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October 20, 1962

Estrogens and Hemorrhage

Author Affiliations

Stettiner Strasse 13, Göttingen, West Germany

JAMA. 1962;182(3):315. doi:10.1001/jama.1962.03050420091028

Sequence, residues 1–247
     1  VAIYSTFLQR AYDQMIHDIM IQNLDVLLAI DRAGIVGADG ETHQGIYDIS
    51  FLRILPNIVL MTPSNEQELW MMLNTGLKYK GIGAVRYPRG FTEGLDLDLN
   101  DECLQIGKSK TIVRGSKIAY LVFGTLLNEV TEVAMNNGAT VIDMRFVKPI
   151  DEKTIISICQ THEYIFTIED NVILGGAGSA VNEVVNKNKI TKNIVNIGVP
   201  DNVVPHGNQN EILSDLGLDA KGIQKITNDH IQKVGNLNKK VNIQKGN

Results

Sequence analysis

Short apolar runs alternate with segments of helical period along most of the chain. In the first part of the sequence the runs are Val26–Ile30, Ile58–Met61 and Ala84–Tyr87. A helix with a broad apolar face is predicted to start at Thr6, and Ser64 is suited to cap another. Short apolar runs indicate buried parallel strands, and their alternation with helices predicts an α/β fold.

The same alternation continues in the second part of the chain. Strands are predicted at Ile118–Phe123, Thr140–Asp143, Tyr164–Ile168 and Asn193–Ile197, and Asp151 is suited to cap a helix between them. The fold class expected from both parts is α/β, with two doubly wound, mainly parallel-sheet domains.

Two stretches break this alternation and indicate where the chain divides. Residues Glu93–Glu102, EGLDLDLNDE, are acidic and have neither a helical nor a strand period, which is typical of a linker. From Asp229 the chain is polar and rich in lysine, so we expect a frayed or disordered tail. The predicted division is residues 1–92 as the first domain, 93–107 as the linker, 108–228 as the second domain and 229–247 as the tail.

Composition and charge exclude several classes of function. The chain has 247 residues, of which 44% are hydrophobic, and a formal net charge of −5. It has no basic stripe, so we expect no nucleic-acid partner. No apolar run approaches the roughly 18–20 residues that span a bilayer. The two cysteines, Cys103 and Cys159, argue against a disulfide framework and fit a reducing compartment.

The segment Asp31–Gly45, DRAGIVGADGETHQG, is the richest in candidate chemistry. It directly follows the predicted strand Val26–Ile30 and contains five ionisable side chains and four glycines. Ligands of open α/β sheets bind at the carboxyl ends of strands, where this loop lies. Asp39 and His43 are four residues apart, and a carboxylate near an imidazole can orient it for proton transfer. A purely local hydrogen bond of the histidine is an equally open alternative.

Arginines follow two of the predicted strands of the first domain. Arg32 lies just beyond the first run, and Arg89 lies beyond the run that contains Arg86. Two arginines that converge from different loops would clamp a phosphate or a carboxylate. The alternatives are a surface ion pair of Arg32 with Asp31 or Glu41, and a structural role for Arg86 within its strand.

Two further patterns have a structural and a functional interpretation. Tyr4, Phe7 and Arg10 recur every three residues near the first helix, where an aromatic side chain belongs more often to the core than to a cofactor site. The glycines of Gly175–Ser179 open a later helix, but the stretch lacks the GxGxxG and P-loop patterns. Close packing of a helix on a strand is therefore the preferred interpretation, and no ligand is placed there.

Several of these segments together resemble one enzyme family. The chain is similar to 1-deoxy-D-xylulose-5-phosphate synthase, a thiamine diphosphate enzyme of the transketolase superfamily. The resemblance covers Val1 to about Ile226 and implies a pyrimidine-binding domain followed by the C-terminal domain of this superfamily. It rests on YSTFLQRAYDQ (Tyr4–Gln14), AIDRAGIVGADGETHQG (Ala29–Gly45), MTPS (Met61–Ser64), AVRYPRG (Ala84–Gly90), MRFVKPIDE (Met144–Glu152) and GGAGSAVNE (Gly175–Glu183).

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To the Editor:—  In the Department of Medicine of the University Hospital Göttingen, we have for 3 years now been employing estriol succinate with great success in the treatment of hemorrhagic diatheses of varying pathogenesis.The most important indications have proved to be thrombocytopenic bleeding, hemorrhagic diatheses resulting from isolated vascular damage, and postoperative capillary hemorrhage. Estriol succinate has also proved to be of value in the prophylaxis of hemorrhagic complications during long-term anticoagulant therapy. The daily dose amounts to 20-30 mg. of estriol succinate administered intravenously. However, even with daily doses as high as 60 mg., no side effects were encountered. Nevertheless, it is inadvisable to exceed the 30 mg. daily dose in women in the menopause when the therapy continues for more than 8 days; otherwise, a proliferation of the endometrium may occur, which can give rise to mild vaginal bleeding. Investigations have been carried out in collaboration

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